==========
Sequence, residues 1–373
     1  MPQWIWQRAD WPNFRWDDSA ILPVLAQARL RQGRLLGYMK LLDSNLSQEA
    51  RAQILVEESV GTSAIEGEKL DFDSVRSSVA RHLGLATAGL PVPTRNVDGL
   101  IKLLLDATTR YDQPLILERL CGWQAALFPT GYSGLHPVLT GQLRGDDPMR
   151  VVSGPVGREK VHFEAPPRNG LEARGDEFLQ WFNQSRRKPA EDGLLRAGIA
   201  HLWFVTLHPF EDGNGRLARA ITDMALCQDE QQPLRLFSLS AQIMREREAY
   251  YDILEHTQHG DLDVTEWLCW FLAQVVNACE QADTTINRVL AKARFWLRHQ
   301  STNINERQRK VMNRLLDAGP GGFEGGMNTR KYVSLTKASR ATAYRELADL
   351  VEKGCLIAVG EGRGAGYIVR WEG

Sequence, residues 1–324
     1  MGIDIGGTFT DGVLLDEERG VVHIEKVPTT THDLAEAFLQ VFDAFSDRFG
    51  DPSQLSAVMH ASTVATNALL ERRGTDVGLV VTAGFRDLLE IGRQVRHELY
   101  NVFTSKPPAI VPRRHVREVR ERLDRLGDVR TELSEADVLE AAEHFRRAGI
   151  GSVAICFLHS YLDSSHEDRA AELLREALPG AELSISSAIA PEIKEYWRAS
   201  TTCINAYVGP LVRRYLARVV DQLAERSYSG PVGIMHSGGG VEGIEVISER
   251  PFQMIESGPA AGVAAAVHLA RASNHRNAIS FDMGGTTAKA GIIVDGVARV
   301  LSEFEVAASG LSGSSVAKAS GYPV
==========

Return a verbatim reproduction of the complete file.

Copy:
Sequence, residues 1–373
     1  MPQWIWQRAD WPNFRWDDSA ILPVLAQARL RQGRLLGYMK LLDSNLSQEA
    51  RAQILVEESV GTSAIEGEKL DFDSVRSSVA RHLGLATAGL PVPTRNVDGL
   101  IKLLLDATTR YDQPLILERL CGWQAALFPT GYSGLHPVLT GQLRGDDPMR
   151  VVSGPVGREK VHFEAPPRNG LEARGDEFLQ WFNQSRRKPA EDGLLRAGIA
   201  HLWFVTLHPF EDGNGRLARA ITDMALCQDE QQPLRLFSLS AQIMREREAY
   251  YDILEHTQHG DLDVTEWLCW FLAQVVNACE QADTTINRVL AKARFWLRHQ
   301  STNINERQRK VMNRLLDAGP GGFEGGMNTR KYVSLTKASR ATAYRELADL
   351  VEKGCLIAVG EGRGAGYIVR WEG

Sequence, residues 1–324
     1  MGIDIGGTFT DGVLLDEERG VVHIEKVPTT THDLAEAFLQ VFDAFSDRFG
    51  DPSQLSAVMH ASTVATNALL ERRGTDVGLV VTAGFRDLLE IGRQVRHELY
   101  NVFTSKPPAI VPRRHVREVR ERLDRLGDVR TELSEADVLE AAEHFRRAGI
   151  GSVAICFLHS YLDSSHEDRA AELLREALPG AELSISSAIA PEIKEYWRAS
   201  TTCINAYVGP LVRRYLARVV DQLAERSYSG PVGIMHSGGG VEGIEVISER
   251  PFQMIESGPA AGVAAAVHLA RASNHRNAIS FDMGGTTAKA GIIVDGVARV
   301  LSEFEVAASG LSGSSVAKAS GYPV